Nobody mentions the tortured run-up to that 2022 collapse: the martial law period, the austerity years, or the files declassified years later showing half of the nominal opposition had been on a SEBIN payroll all along. And nobody mentions the chaos that followed it: the coup attempts, the second bout of hyperinflation, the Colombian occupation of San Cristobal, how all the criminal gangs today started out back then. It’s all bees scrubbed out of the history books.

“It doesn’t look good in a diorama, I guess,” he thinks to himself, helping Rosa color in the pools of blood around the defenders with a red Sharpie.

A memory of his childhood comes flooding back to him.

It’s Christmas Day and he’s 8 or 9. He’d been hearing explosions for days, but always far off, always abstract seeming. But that day, as his mom drove towards the UN Humanitarian Center for their rations, it happened right there. Just ahead of them. 30 meters, maybe. The shockwave lifted their car up off the ground, though aside from some cuts they weren’t hurt. What hurt was what came next: the sight of mangled bodies, somebody’s left hand just strewn on the ground. And the smell of flesh, burning, a kind of chemical parrilla he could’ve handled if he hadn’t been so fucking hungry himself.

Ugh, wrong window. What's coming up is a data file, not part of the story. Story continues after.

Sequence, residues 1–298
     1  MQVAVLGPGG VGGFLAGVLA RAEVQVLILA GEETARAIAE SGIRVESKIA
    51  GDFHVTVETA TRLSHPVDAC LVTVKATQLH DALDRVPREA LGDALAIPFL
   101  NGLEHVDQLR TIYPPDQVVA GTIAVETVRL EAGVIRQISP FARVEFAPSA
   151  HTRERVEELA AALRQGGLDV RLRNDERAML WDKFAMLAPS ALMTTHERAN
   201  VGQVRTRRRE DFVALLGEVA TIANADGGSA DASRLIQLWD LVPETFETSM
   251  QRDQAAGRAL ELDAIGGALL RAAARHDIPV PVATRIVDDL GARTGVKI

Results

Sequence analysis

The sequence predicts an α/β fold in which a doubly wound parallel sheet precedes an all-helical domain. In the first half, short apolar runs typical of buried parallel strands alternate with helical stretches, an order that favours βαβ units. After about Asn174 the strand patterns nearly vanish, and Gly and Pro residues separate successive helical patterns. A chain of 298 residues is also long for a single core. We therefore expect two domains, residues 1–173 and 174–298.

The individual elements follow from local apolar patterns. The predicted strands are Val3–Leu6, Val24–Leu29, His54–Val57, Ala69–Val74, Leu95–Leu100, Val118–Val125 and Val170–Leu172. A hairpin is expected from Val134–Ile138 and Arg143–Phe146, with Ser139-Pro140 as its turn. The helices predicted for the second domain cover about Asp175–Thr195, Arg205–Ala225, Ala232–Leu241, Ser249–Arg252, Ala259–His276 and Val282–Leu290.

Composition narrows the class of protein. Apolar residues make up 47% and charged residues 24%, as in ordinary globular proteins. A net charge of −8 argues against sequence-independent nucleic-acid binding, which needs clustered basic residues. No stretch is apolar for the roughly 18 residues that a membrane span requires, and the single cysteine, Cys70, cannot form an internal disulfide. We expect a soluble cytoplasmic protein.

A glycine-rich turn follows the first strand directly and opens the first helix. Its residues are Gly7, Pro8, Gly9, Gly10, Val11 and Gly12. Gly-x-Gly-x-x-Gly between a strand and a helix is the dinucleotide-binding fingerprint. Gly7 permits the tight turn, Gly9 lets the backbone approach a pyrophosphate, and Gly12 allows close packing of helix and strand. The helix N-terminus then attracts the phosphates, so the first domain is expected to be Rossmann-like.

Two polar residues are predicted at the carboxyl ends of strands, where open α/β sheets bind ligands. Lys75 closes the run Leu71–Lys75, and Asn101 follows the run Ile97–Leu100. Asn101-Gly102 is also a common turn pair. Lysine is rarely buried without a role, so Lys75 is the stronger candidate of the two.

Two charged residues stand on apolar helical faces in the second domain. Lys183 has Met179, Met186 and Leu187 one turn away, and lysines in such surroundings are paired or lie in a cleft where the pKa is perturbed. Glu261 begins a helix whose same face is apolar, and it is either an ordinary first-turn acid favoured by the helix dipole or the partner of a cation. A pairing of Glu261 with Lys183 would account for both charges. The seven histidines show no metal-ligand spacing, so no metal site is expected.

He walks off to the bathroom, splashes water on his face, then turns to the kitchen to pour himself a mango juice. He drinks it in one gulp, washes the glass, then goes upstairs, wondering if the flashback will bring on the nightmares he struggled with for years.

That night. Before going to bed, he checks on Rosa and Lorena, his youngest. Both are deep asleep, softly lit by the dim, dark orange night light.

President El Aissami and his clique were long gone by the time the crowds turned up to pick the palace clean.

Sebastián broods on this. He’s glad that neither of his daughters will never have to live, in the flesh, the misery of his childhood. By the time they were born this was all decades in the past. The country had slowly, painfully regained a sense of normality. Maybe sanitizing the past is just part of that process. He goes back downstairs and has one last look at Rosa’s maqueta. He picks up a red marker, and adds a bit more blood.  

Unión, Paz y Trabajo